The music industry has always thrived on its lawless atmosphere, with aspects of it – even right here in the UK – worth comparing to the Wild West. It’s a landscape that seems to promote individuality, with its ruthlessly competitive streak being accelerated in the 21st century by the emergence of social media and the endless chase for clout. Perhaps John Niven encapsulated this mindset in the title of his loosely fictionalised A&R fable: Kill Your Friends.
Recently, however, this cynicism has been challenged by the growth of collective action in the United States. Last week saw two flashpoints, with employees in the Secretly Group – which encompasses Secretly Canadian, Dead Oceans, Jagjaguwar, and other interests – signalling their intention to form a union. The mission statement from those workers struck a chord with many who have spent the past 12 months pushing, pushing, pushing to be heard above the dim of the perpetual grind.
In part it reads: “Our enthusiasm for the culture in which we work can lead to exploitation in ways endemic to the creative industries: poor wages, inadequate benefits, lack of work/life boundaries, gatekeeping that obstructs professional development, and an absence of initiatives that address systemic race and gender inequality.”
We are forming Secretly Group Union because we love the work we do and the music we share with the world. We are committed to building a truly inclusive, progressive and ethical work environment to guarantee a better music industry for all.https://t.co/YtvkHobPl0 pic.twitter.com/uaS6L13mrm— Secretly Group Union (@secretlyunion) March 23, 2021
These are sentiments that ring true, certainly to this writer. The continued acceleration of the music industry into the digital environment may have garnered increased revenues via streaming, but all too often the manner and means of the way these monies are distributed seems out of sync with the work being done on the ground. PRs are worn down, label staff are over-stretched, and titles – those that remain – are often pieced together by skeleton staff.
Another event in the United States brought this to light. Staff at Pitchfork – the Stateside website founded by Ryan Scheiber in 1995 – unionised with other titles under the Conde Nast umbrella, and opted to authorise a strike following the break-down of negotiations with the publisher. The move follows a half-day strike last summer, one that aimed to bring attention to “clear, demonstrable union-busting by Condé Nast and Pitchfork management.”
BREAKING: Pitchfork Union has voted 100% in favor of authorizing a strike. We stand with our @CondeNast colleagues in @NewYorkerUnion and @Ars_Union, which have also overwhelmingly authorized a strike. Our statement: pic.twitter.com/o7MSdk0SCF— Pitchfork Union (@p4kunion) March 26, 2021
Something, it seems, is in the air. The increased appetite for unionisation by American music industry workers is a clear and lasting trend, with each new announcement seeming to spur on the desire for organisation and collective action on the ground. The question remains, however: could it happen here?
In a way, this process has already begun. Workers at VICE unionised in 2019, a process that saw spokespeople urge others to follow suit. Speaking to the Guardian, Ruby Lott-Lavigna said: “It’s indicative of a wider change. We want to see repercussions across the new media industry.”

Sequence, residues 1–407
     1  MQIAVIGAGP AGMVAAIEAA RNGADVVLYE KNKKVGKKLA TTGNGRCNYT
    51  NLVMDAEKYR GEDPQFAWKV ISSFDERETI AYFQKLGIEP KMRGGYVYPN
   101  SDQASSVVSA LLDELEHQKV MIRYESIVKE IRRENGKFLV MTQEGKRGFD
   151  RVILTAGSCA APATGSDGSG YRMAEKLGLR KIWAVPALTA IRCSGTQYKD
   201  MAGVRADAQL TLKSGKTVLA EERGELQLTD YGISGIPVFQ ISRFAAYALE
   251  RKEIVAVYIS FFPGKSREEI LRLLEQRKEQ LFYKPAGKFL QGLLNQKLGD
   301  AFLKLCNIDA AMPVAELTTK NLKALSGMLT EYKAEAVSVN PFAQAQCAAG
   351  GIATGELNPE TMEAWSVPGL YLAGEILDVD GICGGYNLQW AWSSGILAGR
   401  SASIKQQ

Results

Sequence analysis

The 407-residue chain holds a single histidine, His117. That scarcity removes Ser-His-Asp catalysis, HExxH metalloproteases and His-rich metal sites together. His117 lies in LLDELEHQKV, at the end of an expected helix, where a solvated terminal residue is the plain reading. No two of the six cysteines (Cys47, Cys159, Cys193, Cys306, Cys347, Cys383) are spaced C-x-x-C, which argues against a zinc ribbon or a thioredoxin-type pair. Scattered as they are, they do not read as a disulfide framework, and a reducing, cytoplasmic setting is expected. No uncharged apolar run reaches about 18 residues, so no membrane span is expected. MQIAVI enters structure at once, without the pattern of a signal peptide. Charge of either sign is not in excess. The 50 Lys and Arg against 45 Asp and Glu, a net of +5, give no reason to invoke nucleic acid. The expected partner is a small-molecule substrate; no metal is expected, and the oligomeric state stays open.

What’s both remarkable and depressingly familiar is the similar language being used by these activists on both sides of the Atlantic. The music industry is sitting on top of a mental health crisis, with every survey being done showing that more and more workers are stressed, worried about the future, and struggling to maintain their income.
For larger companies, unionisation is certainly a bold and highly progressive step. The anarchic realm of new music and the old ‘Wild West’ ethos of the music industry at larger needs to be challenged, brought up to date with the day-to-day consequences wrought on those at the frontline.
The industry as a whole, however, feels much too fragmented – certainly in the UK – for unionisation to take hold. Many PR companies exist as one or two person bands, while the concept of a label in the DSP era is increasingly nebulous. It’s clear, however, that a need for collective support and an urge for unity does exist – whether that’s PR WhatsApp groups or Facebook groups designed to provide a platform for freelance journalists.
Perhaps something looser than a formal union should be considered. The music industry could launch an outside, third party ombudsman, funded on a subscription model by employers. This ombudsman could then be an access point for advice – legal or otherwise – and step in to resolve complaints. It could become a source for counselling, a place for legal information; it could have access to professionals who can deal with matters of sexual assault or racial discrimination, for instance. In short, an umbrella HR team free at the point of access, funded by the larger bodies within UK music.
Events in the United States have illuminated a need for progress and a desire for collective action. As the music industry begins to emerge from lockdown, more must be done to tackle endemic issues of over work, poor mental health, racial bias, and countless other issues. In a post-pandemic world, we need to build something better.
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Words: Robin Murray
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